In this compelling study of the treatment of "enemy" minorities in the Russian Empire during the First World War, Eric Lohr uncovers a dramatic story of mass deportations, purges, expropriations, and popular violence.A campaign initially aimed at restricting foreign citizens rapidly spun out of control. It swept up Russian subjects of German, Jewish, and Muslim backgrounds and drove roughly a million civilians from one part of the empire to another, resulting in one of the largest cases of forced migration in history to that time. Because foreigners and diaspora minorities were prominent among entrepreneurial and landowning elites, the campaign against…


Book cover of Russia's Sisters of Mercy and the Great War: More Than Binding Men's Wounds

Joshua A. Sanborn Author Of Imperial Apocalypse: The Great War and the Destruction of the Russian Empire

From my list on Russia in World War I.

Why am I passionate about this?

I’m a professor of history at Lafayette College in Pennsylvania, and I’ve been studying Russia ever since visiting the Soviet Union as a college student in 1990. I’ve been particularly interested in seeking connections between violence and other dimensions of historical experience. My first book (Drafting the Russian Nation) explored connections between political ideologies and violence, Imperial Apocalypse is in part a social history of violence, and my current project is examining the connection between literary cultures, professional communities, and the violence of the Cold War.

Joshua's book list on Russia in World War I

Joshua A. Sanborn Why did Joshua love this book?

Stoff’s work on women’s history during the war has been consistently excellent, starting with her book on women soldiers and continuing with this book. One of the most significant developments of the war was the need to dramatically expand medical care, especially for sick and wounded soldiers. Women rushed in to fill this need, with significant consequences not only for the health of the army but also the nature of gender and sexual relations throughout the whole country.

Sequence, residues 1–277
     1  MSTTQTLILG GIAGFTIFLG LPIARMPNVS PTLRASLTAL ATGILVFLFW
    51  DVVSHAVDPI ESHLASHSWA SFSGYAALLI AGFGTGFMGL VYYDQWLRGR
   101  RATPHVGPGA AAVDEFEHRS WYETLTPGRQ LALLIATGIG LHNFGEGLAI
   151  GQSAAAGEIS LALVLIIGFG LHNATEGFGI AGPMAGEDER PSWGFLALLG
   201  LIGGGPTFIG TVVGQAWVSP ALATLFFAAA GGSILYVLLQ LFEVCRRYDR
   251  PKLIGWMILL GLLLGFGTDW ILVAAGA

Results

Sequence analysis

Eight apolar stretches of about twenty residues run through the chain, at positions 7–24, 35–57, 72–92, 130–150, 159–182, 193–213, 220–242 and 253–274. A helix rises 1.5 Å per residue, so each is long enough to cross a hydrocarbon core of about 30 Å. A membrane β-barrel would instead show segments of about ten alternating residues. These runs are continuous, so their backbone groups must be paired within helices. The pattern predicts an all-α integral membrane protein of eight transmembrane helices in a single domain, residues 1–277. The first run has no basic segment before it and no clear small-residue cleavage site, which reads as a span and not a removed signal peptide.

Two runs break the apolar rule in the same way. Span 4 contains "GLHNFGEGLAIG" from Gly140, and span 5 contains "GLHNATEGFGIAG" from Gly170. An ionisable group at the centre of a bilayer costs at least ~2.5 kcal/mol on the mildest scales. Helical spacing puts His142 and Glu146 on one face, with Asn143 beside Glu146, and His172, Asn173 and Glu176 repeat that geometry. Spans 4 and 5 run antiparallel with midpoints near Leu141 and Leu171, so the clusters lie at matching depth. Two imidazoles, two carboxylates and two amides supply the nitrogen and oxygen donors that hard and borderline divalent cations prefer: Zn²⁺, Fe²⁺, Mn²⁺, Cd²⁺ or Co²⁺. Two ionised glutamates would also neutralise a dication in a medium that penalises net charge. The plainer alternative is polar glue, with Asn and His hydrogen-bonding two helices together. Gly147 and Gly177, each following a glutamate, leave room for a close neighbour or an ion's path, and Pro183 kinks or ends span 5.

By Laurie S. Stoff,

Why should I read it?

1 author picked Russia's Sisters of Mercy and the Great War as one of their favorite books, and they share why you should read it.

What is this book about?

They are war stories, filled with danger and deprivation, excitement and opportunity, sorrow and trauma, scandal and controversy-and because they are the war stories of nurses, they remain largely untold. Laurie Stoff's pioneering work brings the wartime experiences of Russia's "Sisters of Mercy" out of the shadows to show how these nurses of the Great War, far from merely binding wounds, provided vital services that put them squarely in traditionally "masculine" territory, both literally and figuratively.

While Russian nursing shared many features of women's medical service in other nations, it was in some ways profoundly different. Like soldiers and doctors,…


Book cover of The Russian Army in the Great War: The Eastern Front, 1914-1917

Joshua A. Sanborn Author Of Imperial Apocalypse: The Great War and the Destruction of the Russian Empire

From my list on Russia in World War I.

Why am I passionate about this?

I’m a professor of history at Lafayette College in Pennsylvania, and I’ve been studying Russia ever since visiting the Soviet Union as a college student in 1990. I’ve been particularly interested in seeking connections between violence and other dimensions of historical experience. My first book (Drafting the Russian Nation) explored connections between political ideologies and violence, Imperial Apocalypse is in part a social history of violence, and my current project is examining the connection between literary cultures, professional communities, and the violence of the Cold War.

Joshua's book list on Russia in World War I

Joshua A. Sanborn Why did Joshua love this book?

There is a shortage of good books on the military aspect of the war on the Eastern Front, with some of the most prominent books in English (and for that matter in Russian) dating back nearly fifty years. Stone’s volume is a prominent exception in this regard. Stone is thoughtful, concise, and judicious throughout. Readers will emerge with a comprehensive view of combat operations – and more.

By David R. Stone,

Why should I read it?

1 author picked The Russian Army in the Great War as one of their favorite books, and they share why you should read it.

What is this book about?